Posted by harisank on (May 17, 2010, 6:37 GMT)

Artistic comments of Harsha Bhogle, could be enjoyed for the examples and anology quoted such as ploitician's quotes. Nowadays specially in T20 cricket between the international teams, the difference is not much and you can not say all these things as the reasons. Meaning if you overcome all these issues with clever planning, the success is not going to be assured. Still there is an element of form on that particular day, Luck, etc., All said and done, a touch of complacency is there among the team members as our selection policy is not ruthless. Selection should not be done on past glory and that will keep the players on their toes. Yuvaraj after IPL failure got selected only based on past glory which is very bad. Jadeja's selection is also not based on current form. Murali Vijay got the nod after IPL glory, but apparantly became nervous and failed. This year England are the winners and they deserve every bit of their success. Indian team was not based on current Form and failed.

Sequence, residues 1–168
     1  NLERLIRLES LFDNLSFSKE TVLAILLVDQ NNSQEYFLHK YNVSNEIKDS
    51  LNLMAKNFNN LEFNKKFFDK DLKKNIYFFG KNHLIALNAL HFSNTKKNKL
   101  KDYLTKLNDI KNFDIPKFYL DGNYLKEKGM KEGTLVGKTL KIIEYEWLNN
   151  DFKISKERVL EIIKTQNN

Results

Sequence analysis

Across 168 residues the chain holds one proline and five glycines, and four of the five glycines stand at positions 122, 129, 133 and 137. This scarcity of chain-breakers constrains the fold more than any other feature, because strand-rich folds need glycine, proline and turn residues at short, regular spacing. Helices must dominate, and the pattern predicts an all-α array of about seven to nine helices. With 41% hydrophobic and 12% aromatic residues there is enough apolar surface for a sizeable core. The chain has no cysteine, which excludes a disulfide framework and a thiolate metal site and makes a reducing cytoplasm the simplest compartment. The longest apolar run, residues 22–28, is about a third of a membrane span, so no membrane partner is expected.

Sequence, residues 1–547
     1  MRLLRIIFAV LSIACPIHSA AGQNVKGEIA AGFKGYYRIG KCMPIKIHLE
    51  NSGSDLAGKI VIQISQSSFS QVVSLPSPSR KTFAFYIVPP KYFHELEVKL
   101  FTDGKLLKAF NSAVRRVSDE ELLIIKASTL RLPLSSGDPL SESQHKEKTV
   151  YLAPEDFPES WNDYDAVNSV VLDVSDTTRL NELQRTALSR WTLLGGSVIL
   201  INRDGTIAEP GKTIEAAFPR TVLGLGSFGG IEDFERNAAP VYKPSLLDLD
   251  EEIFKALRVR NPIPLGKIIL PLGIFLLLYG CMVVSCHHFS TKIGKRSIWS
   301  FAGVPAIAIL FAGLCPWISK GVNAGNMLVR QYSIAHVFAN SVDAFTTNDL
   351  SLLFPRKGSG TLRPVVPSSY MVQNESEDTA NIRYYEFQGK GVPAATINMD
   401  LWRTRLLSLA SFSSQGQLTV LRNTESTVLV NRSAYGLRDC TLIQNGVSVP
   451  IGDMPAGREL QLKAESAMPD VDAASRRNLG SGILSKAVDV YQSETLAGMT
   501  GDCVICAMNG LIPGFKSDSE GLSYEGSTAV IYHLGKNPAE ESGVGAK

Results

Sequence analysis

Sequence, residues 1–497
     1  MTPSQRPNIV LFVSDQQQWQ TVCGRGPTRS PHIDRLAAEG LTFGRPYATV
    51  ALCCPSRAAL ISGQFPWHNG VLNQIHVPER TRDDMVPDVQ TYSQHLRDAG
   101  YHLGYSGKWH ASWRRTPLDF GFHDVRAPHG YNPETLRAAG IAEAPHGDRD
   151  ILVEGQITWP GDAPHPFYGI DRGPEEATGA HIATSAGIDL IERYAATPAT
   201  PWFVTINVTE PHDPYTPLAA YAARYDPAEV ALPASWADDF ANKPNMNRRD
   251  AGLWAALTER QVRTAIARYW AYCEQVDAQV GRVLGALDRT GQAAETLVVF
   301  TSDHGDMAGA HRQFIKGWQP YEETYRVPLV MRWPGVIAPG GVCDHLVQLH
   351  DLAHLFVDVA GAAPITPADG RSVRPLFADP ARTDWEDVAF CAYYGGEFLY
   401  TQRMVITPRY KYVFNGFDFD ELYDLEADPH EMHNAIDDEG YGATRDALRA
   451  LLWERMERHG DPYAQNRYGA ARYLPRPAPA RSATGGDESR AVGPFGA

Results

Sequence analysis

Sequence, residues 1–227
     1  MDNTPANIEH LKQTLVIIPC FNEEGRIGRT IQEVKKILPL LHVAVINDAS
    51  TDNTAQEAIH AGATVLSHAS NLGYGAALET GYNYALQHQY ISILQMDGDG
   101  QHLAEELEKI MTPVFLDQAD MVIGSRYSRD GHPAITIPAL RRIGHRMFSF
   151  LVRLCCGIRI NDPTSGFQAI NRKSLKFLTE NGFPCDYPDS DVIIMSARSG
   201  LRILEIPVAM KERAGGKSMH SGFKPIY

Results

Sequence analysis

Posted by knowledge_eater on (May 17, 2010, 4:39 GMT)

@Prince.Rocio hahaha that was exactly my point, read what I said again ... they are making crores or what ever .. and we get nothing. How fair is that ? haha Bunch of nevermind .. I support certain team, that doesn't make me Owner of that player. I don't own players. I can't tell them what I want. I just support them. Who cares if they fail who cares if they win, Its only emotional satisfaction. But when people like you and most of here just show their frustration clearly shows that we are just projecting subconsciously things we were unable to do in life, we want our players to do that.I see most of the comments here just because we envy certain people's life style.I would never envy players thats why I am able to make positive comments. Let me tell you secret, thats how people become happy in life, when they are satisfied with what they have.Your tax money doesn't go to players, always remember that but they pay tax through that Gov't provide you service. Jealousy kills happiness lol